CARTOONIST ALISON BECHDEL didn't write a book about her father until after he was dead. Writing about a parent who's still living is a much thornier undertaking—which perhaps is why Bechdel's new graphic novel Are You My Mother? has far more to say about Bechdel herself.

Implicit and explicit in criticism I've read of Are You My Mother? has been that Bechdel's mom, well, really isn't that bad. Diffident and detached, sure, but compared to the mood swings and closeted homosexuality of Bechdel's overbearing father—described in 2006's Fun Home—her mom is pretty tame. But to read Are You My Mother? expecting a cartoon version of Mommie Dearest is to miss the point. Are You My Mother? is less about Bechdel's relationship with her mother than it is about her relationship to her own life, and her attempt to understand the forces that shaped her personality and consciousness. Bechdel's mom plays a pivotal role in clarifying that understanding, as mothers often do; she's the fulcrum on which many of Bechdel's realizations inevitably turn.

But other figures factor in as well: There's psychoanalyst D.W. Winnicott, whose highlighted works crop up frequently; Virginia Woolf's formal experimentation into the nature of perception gets a nod as well. There's also a series of therapists whose questioning throws Bechdel's issues—with intimacy, self-worth, and the value of her work, among other things—into sharp relief over the course of the book. In the same way that Bechdel turns to literature to understand and explain her relationship to her father in Fun Home, psychoanalysis becomes a tool in the book Bechdel devotes to her mother.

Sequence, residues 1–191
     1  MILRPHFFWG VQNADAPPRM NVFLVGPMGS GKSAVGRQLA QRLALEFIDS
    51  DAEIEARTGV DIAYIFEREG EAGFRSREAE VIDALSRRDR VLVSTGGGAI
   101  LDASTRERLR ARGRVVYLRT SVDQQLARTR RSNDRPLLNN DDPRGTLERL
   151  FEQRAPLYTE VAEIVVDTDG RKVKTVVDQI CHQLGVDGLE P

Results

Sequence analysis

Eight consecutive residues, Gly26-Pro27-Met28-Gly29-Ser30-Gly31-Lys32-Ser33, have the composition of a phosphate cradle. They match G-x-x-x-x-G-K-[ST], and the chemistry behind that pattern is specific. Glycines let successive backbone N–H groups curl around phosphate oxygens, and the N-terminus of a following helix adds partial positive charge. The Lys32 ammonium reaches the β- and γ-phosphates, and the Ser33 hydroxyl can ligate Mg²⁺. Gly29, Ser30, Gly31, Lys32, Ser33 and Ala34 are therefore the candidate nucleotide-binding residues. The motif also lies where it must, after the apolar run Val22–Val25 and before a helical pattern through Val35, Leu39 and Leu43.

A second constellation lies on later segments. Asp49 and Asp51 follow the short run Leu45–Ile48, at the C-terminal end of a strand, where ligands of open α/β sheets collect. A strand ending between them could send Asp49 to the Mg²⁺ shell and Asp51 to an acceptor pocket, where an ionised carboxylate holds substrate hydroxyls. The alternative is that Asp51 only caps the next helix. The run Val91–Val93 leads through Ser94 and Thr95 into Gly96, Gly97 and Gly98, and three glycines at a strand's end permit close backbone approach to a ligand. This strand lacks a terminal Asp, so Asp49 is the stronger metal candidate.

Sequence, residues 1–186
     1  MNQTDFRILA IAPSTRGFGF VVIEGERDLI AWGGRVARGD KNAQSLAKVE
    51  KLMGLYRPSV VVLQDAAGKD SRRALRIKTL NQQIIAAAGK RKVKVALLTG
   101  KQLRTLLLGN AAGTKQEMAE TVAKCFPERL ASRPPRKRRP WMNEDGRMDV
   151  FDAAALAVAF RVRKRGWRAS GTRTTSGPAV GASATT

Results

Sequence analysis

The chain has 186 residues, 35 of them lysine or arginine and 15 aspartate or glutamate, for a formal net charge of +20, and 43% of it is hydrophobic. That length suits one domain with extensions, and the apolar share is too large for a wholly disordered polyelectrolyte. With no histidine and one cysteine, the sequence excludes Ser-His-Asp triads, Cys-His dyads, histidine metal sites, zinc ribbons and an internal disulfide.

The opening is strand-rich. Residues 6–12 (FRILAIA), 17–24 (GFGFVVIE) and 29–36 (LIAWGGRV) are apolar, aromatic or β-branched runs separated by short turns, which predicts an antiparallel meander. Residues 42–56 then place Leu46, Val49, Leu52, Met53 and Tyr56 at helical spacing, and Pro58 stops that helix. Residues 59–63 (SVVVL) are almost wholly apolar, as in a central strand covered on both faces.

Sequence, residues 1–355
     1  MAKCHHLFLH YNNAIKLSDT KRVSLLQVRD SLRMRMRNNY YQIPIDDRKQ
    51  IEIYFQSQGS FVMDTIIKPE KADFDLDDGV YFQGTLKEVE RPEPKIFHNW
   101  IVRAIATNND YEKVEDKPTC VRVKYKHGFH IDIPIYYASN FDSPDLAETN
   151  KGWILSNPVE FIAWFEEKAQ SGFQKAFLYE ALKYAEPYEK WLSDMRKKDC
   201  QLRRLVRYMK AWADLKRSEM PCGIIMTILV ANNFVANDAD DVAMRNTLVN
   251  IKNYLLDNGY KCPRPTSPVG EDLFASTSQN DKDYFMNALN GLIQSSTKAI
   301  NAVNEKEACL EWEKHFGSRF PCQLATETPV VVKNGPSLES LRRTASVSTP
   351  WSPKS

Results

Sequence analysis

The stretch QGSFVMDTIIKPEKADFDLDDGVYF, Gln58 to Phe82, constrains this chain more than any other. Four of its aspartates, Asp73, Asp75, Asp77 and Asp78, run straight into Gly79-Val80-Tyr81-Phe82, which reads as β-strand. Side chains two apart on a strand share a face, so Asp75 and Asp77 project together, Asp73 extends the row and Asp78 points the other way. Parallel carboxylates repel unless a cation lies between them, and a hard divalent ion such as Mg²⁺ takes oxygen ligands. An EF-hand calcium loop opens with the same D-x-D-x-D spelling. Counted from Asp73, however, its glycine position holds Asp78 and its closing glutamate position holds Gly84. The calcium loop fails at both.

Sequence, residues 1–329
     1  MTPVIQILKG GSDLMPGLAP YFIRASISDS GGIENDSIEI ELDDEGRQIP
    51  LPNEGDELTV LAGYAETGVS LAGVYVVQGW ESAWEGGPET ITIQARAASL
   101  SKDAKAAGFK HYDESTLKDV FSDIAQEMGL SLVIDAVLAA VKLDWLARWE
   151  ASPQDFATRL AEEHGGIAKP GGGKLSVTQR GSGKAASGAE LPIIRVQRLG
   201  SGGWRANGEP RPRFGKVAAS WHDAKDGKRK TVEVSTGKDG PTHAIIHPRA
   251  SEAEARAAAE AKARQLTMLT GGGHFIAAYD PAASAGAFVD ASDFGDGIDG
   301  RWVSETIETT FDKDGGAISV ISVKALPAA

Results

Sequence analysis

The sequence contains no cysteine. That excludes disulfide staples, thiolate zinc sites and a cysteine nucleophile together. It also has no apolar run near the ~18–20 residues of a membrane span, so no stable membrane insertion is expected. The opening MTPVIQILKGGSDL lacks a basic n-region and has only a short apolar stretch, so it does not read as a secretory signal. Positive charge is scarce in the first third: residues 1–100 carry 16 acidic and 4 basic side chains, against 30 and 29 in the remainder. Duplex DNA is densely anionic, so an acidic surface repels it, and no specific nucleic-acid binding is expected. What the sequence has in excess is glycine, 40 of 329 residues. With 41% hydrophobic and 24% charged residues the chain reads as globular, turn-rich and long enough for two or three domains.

Despite its title, Are You My Mother? is not really the story of an unhappy childhood, or even of a troubled relationship between mother and daughter. Ultimately, it's a process of self-interrogation, of mining past scholars of the human psyche in the hopes of finding usable bits she can bring to bear on our own experience. (There's also lesbian sex.)

Are You My Mother? is almost obstinately theoretical at times, and it's certainly wide open to cries of self-indulgence or dryness. But there's something both admirable and universal about this account of one woman trying—with an old, odd set of tools and a lot of time on the therapist's couch—to puzzle out why, exactly, she is who she is.